I was expecting this album in 2015, I had heard so many good things about this album that I was really hoping that it would be an early jewel in the New Year. However, D'Angelo decided to bring forward the release as he wanted it to be a protest against the recent events in Ferguson, Missouri. It is also an album that has been plague with issues; delayed by drug problems, changing in record labels, control issues (D'Angelo wanted to play all the instruments on the album), the man himself struggling with being seen as a sex symbol and his status in the public eye. Some people are artists and some people are fame whores. D'Angelo seems to be the former rather than the later and he had to go away and face his personal demons before he could get this album together. In the years between the records he has still contribute to songs for other artists, but he took his time to make sure it was right for him. So let us see if this album is truly worthy of the hype surrounding it.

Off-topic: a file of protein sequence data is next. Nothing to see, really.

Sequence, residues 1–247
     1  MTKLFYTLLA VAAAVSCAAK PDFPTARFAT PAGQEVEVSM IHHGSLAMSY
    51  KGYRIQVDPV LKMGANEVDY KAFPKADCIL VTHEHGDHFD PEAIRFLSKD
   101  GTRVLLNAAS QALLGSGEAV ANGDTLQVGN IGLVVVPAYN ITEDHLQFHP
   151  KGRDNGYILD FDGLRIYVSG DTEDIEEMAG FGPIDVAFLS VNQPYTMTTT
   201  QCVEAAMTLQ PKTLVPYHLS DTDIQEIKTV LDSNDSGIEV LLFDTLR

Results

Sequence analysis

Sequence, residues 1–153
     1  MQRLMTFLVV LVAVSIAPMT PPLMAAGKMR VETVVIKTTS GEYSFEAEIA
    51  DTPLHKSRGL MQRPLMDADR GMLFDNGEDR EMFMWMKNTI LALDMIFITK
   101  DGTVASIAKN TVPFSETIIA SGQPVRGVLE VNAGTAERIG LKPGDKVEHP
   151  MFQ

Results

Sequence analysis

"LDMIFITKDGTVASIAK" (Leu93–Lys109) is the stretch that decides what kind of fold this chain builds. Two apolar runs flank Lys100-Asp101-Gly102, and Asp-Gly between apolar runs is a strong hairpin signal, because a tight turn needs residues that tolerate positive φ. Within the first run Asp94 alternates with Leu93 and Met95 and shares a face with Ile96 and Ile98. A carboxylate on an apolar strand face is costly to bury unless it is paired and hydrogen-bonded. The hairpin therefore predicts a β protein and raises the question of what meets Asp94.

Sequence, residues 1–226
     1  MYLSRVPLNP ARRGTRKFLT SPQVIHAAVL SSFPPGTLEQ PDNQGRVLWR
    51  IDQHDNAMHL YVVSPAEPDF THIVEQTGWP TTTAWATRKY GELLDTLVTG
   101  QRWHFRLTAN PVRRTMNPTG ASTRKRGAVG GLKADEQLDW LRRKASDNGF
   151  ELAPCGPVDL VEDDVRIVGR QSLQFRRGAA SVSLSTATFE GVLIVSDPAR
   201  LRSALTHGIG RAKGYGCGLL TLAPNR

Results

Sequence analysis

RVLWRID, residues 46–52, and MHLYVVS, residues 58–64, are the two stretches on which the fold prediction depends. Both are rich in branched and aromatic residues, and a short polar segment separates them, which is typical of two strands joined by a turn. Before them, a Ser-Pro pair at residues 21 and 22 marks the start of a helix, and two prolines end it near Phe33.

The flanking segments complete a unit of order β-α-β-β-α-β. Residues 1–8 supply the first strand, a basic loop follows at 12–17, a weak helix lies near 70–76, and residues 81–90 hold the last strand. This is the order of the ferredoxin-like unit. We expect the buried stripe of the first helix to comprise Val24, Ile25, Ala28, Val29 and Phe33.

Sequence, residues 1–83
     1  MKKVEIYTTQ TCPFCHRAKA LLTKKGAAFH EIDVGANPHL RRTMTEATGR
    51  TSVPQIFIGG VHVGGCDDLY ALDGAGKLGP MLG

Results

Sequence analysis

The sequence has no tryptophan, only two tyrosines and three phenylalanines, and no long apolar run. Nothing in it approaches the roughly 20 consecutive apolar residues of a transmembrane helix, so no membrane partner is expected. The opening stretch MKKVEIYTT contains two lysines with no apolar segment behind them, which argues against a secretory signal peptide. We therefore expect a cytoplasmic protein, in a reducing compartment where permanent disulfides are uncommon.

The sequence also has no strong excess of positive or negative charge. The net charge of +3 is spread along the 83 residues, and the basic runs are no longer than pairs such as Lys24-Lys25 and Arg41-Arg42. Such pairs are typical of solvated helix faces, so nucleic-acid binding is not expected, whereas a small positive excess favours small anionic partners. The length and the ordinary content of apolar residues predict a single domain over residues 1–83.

Starting the album is "Ain't That Easy" and this song just drips funk and style from the beginning. Entering the world is a wall of feedback, this dissipates to reveal a controlled and focused song; it is jaw drop and so very, very, very good, the ease that this is delivered just mystifies me. I have no idea how far in the past this was created, but it feels so fresh that it could probably be rolled up and smoked to pleasant effects on the listener. It is also incredibly refreshing to hear a modern R&B singer with an old school sound (much like the wonderful Myles Sanko - but in a different vein). Following up is the damning "1,000 Deaths" which is one of the heaviest numbers I have heard this year; the preacher sermon at the beginning of the song drops ice cubes down the neck as the band cut a fat slice of funk that will have any party jumping within minutes. The drumming is aggressive, the guitar is like a machine and the bass is all present and D'Angelo is also on fine form. The message is all too obvious for all to see, it does not need me to stamp all around it in a clumsy manner; it is a perfect storm of music and the delivery is amazing. "The Charade" is next, with this song the aggression is drawn back; but the performance is no less amazing. This is a protest number, is very subtle and could go over a few people’s heads; but the level of passion in this number once again makes it hard to ignore the talent and the anger towards the authorities that hold people back is also something that should not be taken lightly. The chorus is especially damming, it is just an amazing number which really should not have been needed to be said again - why does humanity keep on repeating its failed mistakes and holding people back? A glorious song that shows how whilst the times change, something sadly stay the same. "Suagh Daddy" (to the person who does my editing, this is the correct spelling) is the first number on the album which is not a protest number, but the soul/funk sexy standard that will have the party jumping. It is also the song which Prince should have wrote and released on his last album, but I think that D'Angelo is very glad that he has wrote this number.